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What is a ketogenic diet?

Sometimes called the ‘keto diet’, we explore whether the diet is safe and ask if it works.

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An update to our advice on ketogenic diets.

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Full disclosure: I’m into my 3rd year of keto and I absolutely love it. It was a life-changing discovery for me.

Firstly, two weeks is far too short for an evaluation. Your body takes time to adapt to ketosis and burning fat for fuel. I didn’t enjoy my first few weeks on it. It certainly had a big impact on my exercise performance, which didn’t recover until about month 3 or 4. After that, I saw big improvements.

I also found it odd that only 1.5kgs were lost? This doesn’t seem like enough as you should lose a bit more than that in water weight alone when your body goes into ketosis. So I wonder if something was a bit off? Restricting carbs is very difficult at first because they have snuck their way into just about everything, so they may have been hiding in some foods. If you’re doing an experiment to write up, it’s probably important to test for blood ketones to verify that carbs have been kept low enough for the body to enter ketosis. (not that I’d recommend this for everyone starting keto, as they’re not really necessary)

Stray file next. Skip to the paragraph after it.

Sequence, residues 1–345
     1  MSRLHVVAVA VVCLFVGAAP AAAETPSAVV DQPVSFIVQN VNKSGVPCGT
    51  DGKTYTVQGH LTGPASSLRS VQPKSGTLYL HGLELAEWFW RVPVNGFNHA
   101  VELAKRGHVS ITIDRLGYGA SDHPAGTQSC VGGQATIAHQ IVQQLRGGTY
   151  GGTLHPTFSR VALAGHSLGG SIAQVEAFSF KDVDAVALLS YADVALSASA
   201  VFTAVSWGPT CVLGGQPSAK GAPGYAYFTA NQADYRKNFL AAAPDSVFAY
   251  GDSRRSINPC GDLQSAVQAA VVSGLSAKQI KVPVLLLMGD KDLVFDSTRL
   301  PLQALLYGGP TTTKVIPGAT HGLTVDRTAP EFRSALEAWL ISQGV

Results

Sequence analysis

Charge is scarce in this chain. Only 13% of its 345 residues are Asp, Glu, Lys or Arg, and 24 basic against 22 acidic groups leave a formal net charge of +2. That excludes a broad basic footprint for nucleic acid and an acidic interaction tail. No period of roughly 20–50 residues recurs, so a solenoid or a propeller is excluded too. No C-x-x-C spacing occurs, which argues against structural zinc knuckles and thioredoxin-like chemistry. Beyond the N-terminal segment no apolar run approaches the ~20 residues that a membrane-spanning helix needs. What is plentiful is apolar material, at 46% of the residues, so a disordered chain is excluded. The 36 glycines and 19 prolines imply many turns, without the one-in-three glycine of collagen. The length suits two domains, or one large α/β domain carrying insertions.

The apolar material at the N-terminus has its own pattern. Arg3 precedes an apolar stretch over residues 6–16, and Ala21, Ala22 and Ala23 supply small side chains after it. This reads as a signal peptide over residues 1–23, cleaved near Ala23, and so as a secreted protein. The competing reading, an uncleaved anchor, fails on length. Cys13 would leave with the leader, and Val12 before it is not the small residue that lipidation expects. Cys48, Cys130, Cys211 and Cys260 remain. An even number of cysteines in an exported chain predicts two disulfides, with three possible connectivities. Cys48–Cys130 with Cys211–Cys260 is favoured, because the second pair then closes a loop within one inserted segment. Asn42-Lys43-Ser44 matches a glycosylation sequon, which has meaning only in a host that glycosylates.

I think it’s important to consider the work of scientists in this area, not just dietitians. The Dietitians Association of Australia (DAA), until very recently, was heavily conflicted with very close ties to industrial food manufacturers. Not so long ago you had one of their spokespeople recommending Up’n’Go as a great breakfast for kids. I think their cosy relationship with manufacturers has influenced their education and training, to become a dietician you need to DAA accredited course. They’ve recently taken steps to distance themselves from industry, so hopefully, we’ll see better work from them in the future as more low-carb/keto studies are done.

Sure I might sound like a crazy person, but there is plenty of evidence. Indeed, here we have an extract from the Australian Breakfast Cereal Manufacturers Forum targeting Choice specifically for astroturfing. Leveraging their partnership with the DAA.

Some items counter to the DAA official advice regarding keto and carbohydrate restriction.

Research from the CSIRO (admittedly they’re pedalling a book of the back of it): https://blog.csiro.au/low-carb-diet-scientifically-proven/

A recent WA parliamentary enquiry - The Food Fix: The role of diet in type 2 diabetes prevention and management: “There is convincing evidence to support the use of dietary interventions such as the very low calorie diet and the low carbohydrate diet in the treatment of people with type 2 diabetes.”
https://www.parliament.wa.gov.au/Parliament/commit.nsf/(WebInquiries)/E65D9AAEA62B2B2C482583D800295552?OpenDocument

You even have the head of the American Diabetes Association completely off insulin as a result of carbohydrate restriction.